Coming up on Highway 55, I knew from the map that I had passed the address I was looking for, but I quickly saw a sign with an image of a plane on it and thought it might be a back entrance that I could use to get to it. That sign turned out to be for RDU, where I decidedly wasn't going.
I looped back onto Highway 64 and stopped at this little flooring, paint, and tile kind of place, where—to my misfortune—two people worked who wanted to be helpful but were new to the area and weren't familiar with my destination. They took the address I had written down upstairs to an office to use the Internet to help me, as I watched the big hand tick on some of the very few precious dots between where it currently was and 1:00, the start time of the funeral.
I eventually walked up there, looked at the screen, and saw that the turn I was looking for was just before that Highway 55 turnoff, so I thanked them and ran out of there. When I approached the entrance to the place, I could easily see how I missed it the first time. The entrance looked more like one to horse stables than an airfield, and as it turned out, there were horses there as well.
I would estimate that there were between 300 and 500 people present and after parking at 12:59, I joined the end of a line waiting to offer condolences to Sarah. The line turned a corner as you can see here, with the shadows on the ground of the people ahead of me.
Beyond Sarah, at the end of this line, was her son, Sam, and his wife Ashley, followed by her daughter Rachel also receiving attendees.
Mark was a lawyer with a huge firm and there were a lot of lawyers in attendance, to which the number of Mercedes and BMWs in the parking area attested. The four people ahead of me in line—including a lady directly in front of me—said to Rachel, "Hi. I'm a lawyer with Anderson. I worked with your father and I'm sorry for your loss."
When it was my turn, she smiled as she took my hand, and I said, "Hi. I'm John and I'm not a lawyer, nor do I play one on TV. I work with your mother." She laughed.
Off to the left was Mark's private plane, one in which I was to learn he had a lot of adventures, and many of them with a lot of the people attending today. Last year he made quite a few humanitarian trips to Haiti bringing in emergency supplies, as well as medical professionals, to help after the catastrophic earthquake there.
I also learned—as one colleague, friend or loved one after another shared their memories—three things about Mark Ash, whom I personally had only met one time:
- That he was an incredibly well-respected lawyer—for his exceptional skills as a trial lawyer, for his role as mentor to many young lawyers in the firm, and for taking on unpopular cases simply because it was the right thing to do.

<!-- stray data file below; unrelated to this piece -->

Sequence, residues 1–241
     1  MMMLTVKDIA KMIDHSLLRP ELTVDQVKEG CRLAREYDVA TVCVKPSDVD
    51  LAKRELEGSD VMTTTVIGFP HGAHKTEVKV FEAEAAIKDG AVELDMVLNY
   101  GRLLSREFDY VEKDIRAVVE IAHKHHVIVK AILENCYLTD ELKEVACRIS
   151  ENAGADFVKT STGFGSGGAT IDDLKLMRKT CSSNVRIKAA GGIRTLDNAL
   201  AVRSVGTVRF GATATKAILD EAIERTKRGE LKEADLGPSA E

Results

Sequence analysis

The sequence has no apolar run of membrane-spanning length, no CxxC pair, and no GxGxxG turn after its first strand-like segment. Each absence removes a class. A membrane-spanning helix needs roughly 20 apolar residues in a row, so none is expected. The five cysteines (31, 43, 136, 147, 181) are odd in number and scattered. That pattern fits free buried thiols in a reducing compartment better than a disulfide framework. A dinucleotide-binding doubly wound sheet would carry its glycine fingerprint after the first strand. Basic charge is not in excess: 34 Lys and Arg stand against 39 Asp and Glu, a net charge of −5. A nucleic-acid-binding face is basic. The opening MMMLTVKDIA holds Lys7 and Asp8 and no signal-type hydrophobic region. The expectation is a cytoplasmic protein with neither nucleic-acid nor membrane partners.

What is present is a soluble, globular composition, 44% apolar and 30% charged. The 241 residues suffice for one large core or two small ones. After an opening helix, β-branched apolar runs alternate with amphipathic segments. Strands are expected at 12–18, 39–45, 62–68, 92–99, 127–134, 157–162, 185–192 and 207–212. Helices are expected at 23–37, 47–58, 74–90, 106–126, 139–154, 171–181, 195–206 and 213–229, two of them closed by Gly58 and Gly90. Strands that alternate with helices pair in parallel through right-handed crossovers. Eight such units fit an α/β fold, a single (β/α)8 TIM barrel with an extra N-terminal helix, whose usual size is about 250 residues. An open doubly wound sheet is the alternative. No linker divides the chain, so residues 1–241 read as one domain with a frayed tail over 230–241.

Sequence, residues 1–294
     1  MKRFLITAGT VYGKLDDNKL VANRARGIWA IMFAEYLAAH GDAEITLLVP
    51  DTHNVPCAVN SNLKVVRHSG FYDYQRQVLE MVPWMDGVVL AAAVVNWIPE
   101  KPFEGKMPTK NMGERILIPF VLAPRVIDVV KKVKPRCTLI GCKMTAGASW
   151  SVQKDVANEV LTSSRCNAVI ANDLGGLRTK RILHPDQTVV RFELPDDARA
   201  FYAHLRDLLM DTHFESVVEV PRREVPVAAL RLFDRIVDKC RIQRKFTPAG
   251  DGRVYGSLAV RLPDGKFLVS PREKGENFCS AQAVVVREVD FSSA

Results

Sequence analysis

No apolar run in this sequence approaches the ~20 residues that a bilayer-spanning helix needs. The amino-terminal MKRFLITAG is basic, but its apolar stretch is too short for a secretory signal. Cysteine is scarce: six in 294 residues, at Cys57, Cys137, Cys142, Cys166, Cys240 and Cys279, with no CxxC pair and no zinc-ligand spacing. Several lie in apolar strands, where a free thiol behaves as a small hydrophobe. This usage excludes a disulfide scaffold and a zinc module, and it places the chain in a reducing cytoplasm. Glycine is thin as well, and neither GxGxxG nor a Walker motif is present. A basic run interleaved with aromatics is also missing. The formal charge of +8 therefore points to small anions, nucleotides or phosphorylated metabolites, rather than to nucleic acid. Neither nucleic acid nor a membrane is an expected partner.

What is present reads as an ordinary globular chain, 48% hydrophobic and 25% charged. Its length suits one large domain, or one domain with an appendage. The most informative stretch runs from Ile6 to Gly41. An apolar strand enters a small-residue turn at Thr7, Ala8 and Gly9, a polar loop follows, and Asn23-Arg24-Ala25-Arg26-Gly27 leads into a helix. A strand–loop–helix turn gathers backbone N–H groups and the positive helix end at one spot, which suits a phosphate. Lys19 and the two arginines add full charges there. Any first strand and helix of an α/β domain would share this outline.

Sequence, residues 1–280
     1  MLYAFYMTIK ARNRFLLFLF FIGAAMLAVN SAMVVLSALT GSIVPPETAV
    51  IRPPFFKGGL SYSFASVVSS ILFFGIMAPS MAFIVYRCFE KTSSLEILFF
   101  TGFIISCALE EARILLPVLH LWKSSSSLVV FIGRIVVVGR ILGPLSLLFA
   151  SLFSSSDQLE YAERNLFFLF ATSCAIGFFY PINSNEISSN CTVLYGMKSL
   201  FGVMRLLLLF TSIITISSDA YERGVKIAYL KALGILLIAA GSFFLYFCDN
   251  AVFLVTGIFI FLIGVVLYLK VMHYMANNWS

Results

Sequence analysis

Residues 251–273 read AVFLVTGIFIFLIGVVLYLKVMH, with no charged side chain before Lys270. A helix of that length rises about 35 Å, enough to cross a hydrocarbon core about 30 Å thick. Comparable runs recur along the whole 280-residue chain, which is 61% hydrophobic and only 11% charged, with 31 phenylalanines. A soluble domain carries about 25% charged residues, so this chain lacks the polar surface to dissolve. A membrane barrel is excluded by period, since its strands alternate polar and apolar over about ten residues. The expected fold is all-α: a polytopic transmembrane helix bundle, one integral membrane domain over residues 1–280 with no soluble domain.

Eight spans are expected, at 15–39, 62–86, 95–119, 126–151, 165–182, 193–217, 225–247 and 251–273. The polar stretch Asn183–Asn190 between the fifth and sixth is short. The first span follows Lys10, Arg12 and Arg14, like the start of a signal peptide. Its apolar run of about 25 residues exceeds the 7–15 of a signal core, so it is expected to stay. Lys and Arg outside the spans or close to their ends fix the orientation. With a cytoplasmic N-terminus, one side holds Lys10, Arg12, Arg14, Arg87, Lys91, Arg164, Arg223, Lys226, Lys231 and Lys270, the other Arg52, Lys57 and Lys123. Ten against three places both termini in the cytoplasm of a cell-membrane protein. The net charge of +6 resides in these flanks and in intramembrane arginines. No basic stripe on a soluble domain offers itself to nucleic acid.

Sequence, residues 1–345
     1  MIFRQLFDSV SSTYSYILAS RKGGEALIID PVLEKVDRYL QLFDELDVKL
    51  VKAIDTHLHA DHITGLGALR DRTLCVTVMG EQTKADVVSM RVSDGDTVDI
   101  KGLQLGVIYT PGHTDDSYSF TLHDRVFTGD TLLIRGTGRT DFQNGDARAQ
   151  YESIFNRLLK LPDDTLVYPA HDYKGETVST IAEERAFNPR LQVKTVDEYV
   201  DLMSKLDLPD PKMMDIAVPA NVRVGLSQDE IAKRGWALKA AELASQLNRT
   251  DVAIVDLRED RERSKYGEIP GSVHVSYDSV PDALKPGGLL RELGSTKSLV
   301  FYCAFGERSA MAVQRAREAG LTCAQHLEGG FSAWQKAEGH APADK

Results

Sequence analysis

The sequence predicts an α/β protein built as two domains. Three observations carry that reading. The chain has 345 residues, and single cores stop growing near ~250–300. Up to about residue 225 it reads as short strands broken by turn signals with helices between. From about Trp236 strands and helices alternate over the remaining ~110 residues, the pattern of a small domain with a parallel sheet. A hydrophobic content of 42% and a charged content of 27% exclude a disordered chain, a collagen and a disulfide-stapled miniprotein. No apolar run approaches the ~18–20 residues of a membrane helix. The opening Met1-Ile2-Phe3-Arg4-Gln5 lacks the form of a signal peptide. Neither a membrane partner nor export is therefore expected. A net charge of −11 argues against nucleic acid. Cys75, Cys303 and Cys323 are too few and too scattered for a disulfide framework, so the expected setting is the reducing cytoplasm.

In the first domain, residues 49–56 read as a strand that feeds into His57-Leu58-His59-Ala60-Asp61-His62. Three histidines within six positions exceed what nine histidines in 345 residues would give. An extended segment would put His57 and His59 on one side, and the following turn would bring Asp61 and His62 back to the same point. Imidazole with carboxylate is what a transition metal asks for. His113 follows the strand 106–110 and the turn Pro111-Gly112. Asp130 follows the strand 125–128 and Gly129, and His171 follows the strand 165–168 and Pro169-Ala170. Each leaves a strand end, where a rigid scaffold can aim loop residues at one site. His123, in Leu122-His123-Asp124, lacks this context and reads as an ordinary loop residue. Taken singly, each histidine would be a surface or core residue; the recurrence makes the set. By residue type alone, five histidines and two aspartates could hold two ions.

- That his passion for flying met, or maybe even exceeded, his ability as a lawyer.
- That he was immensely proud of and loved his family deeply.
On the way out, I marveled at the peaceful juxtaposition of the horses, transportation of ages past, to the runway with its transportation technology of today.
It was a very meaningful memorial service, the food was delicious—and there was a ton of it, and I left there contemplating life, what matters in it, and wishing I'd had an opportunity to have known Mark better.
I met Jen downtown at Noir Bar at around 8:00 where Striving for More was having a fundraiser. Our mutual friend, Jill Balogh, is on the board of this fine organization, and our biggest motivator for being there was to see Jill. As with most charitable giving, people donate as much, if not more, in support of someone they know in the organization as they do for the cause of the organization.
Jen used to babysit for the Baloghs, and I was a good friend of Jill and her husband John when the three of us all worked at IBM, in what seems like eons ago now. It was great to see both of them this evening. Also, Jen's brother Greg is best friends with John and Jill's son Nick, both of whom were there, too, along with Nick's girlfriend Corinne.
In meeting Corinne, who is a Materials Science major, I remembered this TEDxNCSU presentation by Dr. Marian McCord. Her talk was called, "Solving the Period Problem." Although—as it turns out—Dr. McCord is in Textiles Engineering, not Materials Science, which would explain why Corinne had never heard of neither her nor the project.
While at the fundraiser, Jen and I took advantage of a free photo booth and took four pictures:
After we took the pictures, for which a bunch of accoutrements were available to wear, someone had glitter all over them from one of the hats, and Corinne uttered this highly quotable line: "Glitter is the herpes of arts and crafts," which immediately went into a note on my phone to share with salon tomorrow night. We have this thing about glitter in salon.
Saying my goodbyes to John and Jill, I left there at about 10:00, changed into shorts and a t-shirt in my car—with a bunch of people stubbornly saying long goodbyes to each other across the street from me.
I headed over to Flex, where there was a porn star tonight, but which was not at all the reason I went. Those of you who know me well know that I hate it when there are porn stars there. The thing I don't like about it is that if they saw me on the street they wouldn't give me the time of day, but in the bar I'm their new best friend if there's a chance to get a dollar out of me. Bitter? Party of one? Your table is ready.
My main reason for going to Flex instead of The Borough was to see my friend Glenn, who was going to be there and who is just back from an RSVP cruise, and I wanted to hear stories.
He shared two funny tenets of the trip: "If it's tan, it's not fat," and "If your chest is bigger than your gut, then you're not fat." My kind of peeps.